About Outline Views

NSOutlineView is a subclass of NSTableView that lets the user expand or collapse rows that contain hierarchical data. As in a table view, an outline view displays data for a set of related items, with rows representing individual items and columns representing the attributes of those items. Unlike a table view, items in an outline view are not in a flat list, but rather may be organized in a hierarchy, like files and folders on a hard drive, or managers and employees in an organization.

An item in an outline view is expandable if it can contain other items. An expandable item is distinguished visually by a disclosure triangle, which points to the right when the item is collapsed and points down when the item is expanded. Clicking on the disclosure triangle causes the item to be expanded or collapsed, depending on the new state of the triangle. An item can be expanded even if it contains no items. An Option-click on an item’s disclosure triangle expands or collapses all of its contained items.

When an item is expanded, the outline view can display the previous expanded or collapsed state of its contained items, if the items were previously shown. To automatically restore the entire expanded state of an outline view for previously shown items, use setAutosaveExpandedItems:.

Items inside an expanded item are indented. By default, as a user expands or collapses nested items, the width of the column is resized so that it is just wide enough to display the widest item, based on the width of the items and their indentation in the hierarchy. Justification follows the current system justification. To turn off automatic resizing, use setAutoresizesOutlineColumn:. Note that an item may consist of text, an image, or anything else that can be drawn by a subclass of NSCell.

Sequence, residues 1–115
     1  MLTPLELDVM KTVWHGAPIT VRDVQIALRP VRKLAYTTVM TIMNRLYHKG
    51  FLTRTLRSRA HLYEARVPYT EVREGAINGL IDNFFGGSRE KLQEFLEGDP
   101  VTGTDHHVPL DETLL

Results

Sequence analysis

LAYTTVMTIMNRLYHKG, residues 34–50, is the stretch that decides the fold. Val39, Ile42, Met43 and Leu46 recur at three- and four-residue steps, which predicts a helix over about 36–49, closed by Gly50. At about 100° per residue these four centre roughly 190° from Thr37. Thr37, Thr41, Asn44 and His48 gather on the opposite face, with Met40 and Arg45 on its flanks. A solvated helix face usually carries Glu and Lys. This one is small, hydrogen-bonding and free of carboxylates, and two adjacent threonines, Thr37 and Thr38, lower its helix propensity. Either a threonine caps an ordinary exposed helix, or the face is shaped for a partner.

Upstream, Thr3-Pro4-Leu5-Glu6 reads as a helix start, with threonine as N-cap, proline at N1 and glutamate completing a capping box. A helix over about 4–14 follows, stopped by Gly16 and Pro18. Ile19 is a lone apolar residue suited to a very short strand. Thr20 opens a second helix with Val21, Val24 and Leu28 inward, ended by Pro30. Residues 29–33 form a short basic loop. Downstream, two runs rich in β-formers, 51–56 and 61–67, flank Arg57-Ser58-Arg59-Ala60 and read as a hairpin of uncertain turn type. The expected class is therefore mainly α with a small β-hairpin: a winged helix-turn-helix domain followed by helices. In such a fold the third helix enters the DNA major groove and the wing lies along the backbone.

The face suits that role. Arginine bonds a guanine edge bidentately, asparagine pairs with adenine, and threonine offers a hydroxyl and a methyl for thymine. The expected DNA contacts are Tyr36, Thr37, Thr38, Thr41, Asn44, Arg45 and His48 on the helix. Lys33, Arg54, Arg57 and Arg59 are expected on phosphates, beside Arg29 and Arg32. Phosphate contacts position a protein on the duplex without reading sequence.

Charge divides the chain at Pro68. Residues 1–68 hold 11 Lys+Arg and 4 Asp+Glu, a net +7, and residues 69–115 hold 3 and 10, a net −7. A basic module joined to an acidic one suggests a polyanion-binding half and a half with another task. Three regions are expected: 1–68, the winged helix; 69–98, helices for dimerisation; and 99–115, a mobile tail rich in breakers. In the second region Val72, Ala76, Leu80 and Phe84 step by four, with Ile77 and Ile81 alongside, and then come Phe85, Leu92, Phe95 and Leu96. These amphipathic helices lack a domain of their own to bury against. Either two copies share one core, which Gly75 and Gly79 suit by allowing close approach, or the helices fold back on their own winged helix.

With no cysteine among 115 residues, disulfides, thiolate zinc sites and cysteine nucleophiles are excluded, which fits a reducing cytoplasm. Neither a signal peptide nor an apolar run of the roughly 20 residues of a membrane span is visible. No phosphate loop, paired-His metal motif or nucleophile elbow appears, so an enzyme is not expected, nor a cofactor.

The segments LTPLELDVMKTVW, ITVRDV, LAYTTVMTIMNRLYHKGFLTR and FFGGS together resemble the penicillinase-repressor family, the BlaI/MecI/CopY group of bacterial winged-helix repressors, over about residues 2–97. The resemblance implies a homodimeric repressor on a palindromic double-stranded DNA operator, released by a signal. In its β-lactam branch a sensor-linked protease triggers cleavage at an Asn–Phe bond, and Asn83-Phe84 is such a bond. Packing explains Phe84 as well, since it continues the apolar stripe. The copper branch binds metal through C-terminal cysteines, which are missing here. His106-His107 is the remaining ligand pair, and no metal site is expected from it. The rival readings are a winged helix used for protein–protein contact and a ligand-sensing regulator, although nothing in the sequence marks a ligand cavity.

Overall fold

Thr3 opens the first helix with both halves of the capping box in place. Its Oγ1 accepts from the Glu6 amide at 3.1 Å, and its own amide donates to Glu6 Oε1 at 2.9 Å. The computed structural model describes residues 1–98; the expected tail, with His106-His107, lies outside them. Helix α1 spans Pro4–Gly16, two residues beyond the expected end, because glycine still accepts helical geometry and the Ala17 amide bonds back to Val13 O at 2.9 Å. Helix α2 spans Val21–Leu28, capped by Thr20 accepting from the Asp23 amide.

An instance of NSOutlineView is typically displayed in an instance of NSScrollView, as shown below.

NSOutlineView in an NSScrollView

Behavior Inherited from NSTableView

An outline view inherits much of its behavior from its parent class, NSTableView. As a result, many operations supported by a table view, such as selecting rows or columns, repositioning columns by dragging column headers, deferred activation for dragging, and so on, are also supported by an outline view. Your application has control of these features, and can configure the view’s parameters to allow or disallow certain operations. For example, you might choose not to allow editing or rearranging for specific columns.

The NSTableView class also provides methods for working with data, responding to mouse clicks, setting grid attributes, editing cells, and performing other operations. For more information, see Table View Programming Guide for Mac.